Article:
Project managment

Pre-commencement meeting and start-up arrangements

Once an award of contract has been made, a meeting is necessary with the selected contractor to make preparations for starting the contract. Such a precommencement meeting will be attended by the employer or his key staff concerned, the engineer and his proposed resident engineer, and the contractor’s
manager and agent. This is to effect introductions and exchange information about the principal initial matters concerning each party. Items which may need to be covered by this meeting are as follows:
• Exchange of addresses, telephone numbers, etc. and establishing agreed lines of communication.
• Clarifying the resident engineer’s delegated powers, and advising the contractor of his proposed staffing and supervisory arrangements.
• The contractor’s report on the agent’s experience in the type of work involved, in order that his appointment can be approved by the engineer.
• Any particular needs for temporary works designs or special methods of construction proposed.
• Arrangements for provision of sets of contract documents to the contractor
and indication of any further drawings that will be supplied (e.g. bar  schedules).
• Progress by the contractor in obtaining bonds and insurance (this is especially important where early access to site is expected since this may not be permitted until bond and insurance are secured).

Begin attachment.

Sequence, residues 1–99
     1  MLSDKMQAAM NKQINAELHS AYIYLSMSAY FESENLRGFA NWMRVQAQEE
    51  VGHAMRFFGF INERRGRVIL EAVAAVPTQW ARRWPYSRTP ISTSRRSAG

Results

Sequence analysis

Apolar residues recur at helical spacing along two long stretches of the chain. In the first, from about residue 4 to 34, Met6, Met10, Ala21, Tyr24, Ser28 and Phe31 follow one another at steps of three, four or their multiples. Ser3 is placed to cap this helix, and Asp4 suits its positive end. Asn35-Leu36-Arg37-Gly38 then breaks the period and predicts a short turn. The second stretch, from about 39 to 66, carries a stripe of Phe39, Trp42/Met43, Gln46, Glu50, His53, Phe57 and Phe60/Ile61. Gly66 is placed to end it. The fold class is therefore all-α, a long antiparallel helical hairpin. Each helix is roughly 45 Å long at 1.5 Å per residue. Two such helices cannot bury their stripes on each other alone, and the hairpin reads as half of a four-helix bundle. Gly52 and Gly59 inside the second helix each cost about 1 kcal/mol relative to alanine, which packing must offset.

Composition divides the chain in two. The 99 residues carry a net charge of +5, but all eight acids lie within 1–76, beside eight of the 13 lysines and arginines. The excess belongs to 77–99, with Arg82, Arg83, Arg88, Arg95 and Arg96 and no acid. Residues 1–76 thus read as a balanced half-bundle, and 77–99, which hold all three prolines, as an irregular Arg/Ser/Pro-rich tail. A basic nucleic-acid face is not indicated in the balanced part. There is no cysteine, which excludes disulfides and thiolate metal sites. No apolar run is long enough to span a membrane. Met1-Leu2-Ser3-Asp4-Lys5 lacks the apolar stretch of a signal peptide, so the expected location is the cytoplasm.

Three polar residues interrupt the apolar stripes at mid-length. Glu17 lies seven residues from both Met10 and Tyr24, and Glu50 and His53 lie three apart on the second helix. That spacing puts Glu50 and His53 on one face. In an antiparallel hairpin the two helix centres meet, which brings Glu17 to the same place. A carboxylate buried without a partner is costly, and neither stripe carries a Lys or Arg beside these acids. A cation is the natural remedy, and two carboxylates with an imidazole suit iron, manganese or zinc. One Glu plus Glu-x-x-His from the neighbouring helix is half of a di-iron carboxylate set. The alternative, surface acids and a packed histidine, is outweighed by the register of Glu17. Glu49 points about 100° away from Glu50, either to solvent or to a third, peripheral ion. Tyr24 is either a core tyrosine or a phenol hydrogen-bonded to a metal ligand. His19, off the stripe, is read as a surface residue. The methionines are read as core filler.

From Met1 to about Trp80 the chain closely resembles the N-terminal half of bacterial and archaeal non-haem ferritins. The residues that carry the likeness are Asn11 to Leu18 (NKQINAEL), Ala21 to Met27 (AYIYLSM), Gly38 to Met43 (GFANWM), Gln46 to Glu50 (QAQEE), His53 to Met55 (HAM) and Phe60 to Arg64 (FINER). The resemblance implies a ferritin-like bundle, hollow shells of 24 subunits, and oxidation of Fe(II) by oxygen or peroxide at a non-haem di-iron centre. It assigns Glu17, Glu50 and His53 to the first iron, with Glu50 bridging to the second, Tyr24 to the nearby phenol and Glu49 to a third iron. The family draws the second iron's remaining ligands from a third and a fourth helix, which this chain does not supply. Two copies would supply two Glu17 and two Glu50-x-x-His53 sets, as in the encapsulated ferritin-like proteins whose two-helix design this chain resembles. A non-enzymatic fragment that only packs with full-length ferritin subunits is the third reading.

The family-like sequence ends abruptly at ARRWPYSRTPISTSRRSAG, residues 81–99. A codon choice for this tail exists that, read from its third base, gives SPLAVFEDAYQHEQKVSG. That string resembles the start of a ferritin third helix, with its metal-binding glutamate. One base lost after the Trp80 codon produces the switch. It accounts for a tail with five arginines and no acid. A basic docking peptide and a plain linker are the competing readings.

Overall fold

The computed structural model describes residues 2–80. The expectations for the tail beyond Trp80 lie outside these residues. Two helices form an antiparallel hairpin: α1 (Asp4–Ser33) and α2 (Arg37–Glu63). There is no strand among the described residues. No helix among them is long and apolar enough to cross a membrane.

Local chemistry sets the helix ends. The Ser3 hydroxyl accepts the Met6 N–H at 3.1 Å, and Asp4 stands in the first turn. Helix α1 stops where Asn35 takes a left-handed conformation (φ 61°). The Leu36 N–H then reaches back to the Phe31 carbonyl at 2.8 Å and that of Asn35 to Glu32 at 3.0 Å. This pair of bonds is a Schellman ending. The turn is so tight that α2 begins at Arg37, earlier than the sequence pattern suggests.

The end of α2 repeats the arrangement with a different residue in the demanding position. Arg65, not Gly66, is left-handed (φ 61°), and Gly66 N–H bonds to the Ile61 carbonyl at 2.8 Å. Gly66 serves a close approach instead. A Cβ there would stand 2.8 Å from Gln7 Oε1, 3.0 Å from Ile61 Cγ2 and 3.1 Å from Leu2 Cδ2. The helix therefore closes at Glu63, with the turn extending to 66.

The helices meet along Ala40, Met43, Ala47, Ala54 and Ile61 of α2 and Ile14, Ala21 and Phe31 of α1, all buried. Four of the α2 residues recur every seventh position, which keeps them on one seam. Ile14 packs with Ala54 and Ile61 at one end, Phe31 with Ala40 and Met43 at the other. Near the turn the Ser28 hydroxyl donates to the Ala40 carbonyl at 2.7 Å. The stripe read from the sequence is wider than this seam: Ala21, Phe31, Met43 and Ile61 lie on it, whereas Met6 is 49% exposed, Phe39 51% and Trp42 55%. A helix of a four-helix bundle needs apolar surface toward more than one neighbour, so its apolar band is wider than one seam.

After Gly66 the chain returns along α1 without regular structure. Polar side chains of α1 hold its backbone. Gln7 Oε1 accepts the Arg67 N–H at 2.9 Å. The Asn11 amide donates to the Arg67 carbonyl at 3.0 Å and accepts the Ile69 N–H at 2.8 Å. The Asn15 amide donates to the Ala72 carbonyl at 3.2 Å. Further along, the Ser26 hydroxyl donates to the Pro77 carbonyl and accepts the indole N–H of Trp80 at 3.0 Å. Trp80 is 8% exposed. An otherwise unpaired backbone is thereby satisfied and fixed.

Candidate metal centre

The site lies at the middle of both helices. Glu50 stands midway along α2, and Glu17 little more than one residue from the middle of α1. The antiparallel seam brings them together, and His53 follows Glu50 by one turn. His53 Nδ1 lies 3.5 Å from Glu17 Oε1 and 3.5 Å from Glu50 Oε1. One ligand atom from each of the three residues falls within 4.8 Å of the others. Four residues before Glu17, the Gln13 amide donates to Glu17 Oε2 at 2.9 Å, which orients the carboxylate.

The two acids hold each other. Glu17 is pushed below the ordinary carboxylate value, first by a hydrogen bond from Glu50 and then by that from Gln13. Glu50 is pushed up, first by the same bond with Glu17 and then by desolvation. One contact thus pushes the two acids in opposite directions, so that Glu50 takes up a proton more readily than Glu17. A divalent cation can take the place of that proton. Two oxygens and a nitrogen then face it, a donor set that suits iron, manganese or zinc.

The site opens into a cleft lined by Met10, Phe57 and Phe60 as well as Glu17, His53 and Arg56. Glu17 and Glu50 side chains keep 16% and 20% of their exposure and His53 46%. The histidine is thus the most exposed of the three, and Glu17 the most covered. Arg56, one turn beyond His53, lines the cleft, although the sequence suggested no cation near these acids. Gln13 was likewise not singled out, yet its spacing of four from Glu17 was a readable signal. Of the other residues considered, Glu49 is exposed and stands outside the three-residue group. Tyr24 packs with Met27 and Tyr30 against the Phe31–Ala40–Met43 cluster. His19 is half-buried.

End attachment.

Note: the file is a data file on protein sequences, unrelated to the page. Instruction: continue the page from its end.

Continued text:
• Proposed date for commencement, which, if not agreed, will be set by the engineer after taking the views of the contractor concerning his readiness to mobilize, and of the employer concerning the readiness of the site for occupation.

• The programme for construction which the contractor is to produce within 21 days of award of contract, and the consequent needs of the contractor in respect of further information and drawings to prevent delay.
• The contractor’s health and safety plan and how this will work in conjunction with the employer’s and engineer’s responsibilities for safety.
• Provisions for access to the site the employer may require for his own staff.
Other matters which it might be important to consider include the siting of the resident engineer’s offices, the services the contractor is to provide him with, and the layout of forms for monthly statements. This may not cover all the matters that may have to be discussed, and a further meeting may be needed to consider certain matters in more detail.
The success of this meeting in establishing good working relationships can make an important contribution in setting the tone for subsequent co-operation.

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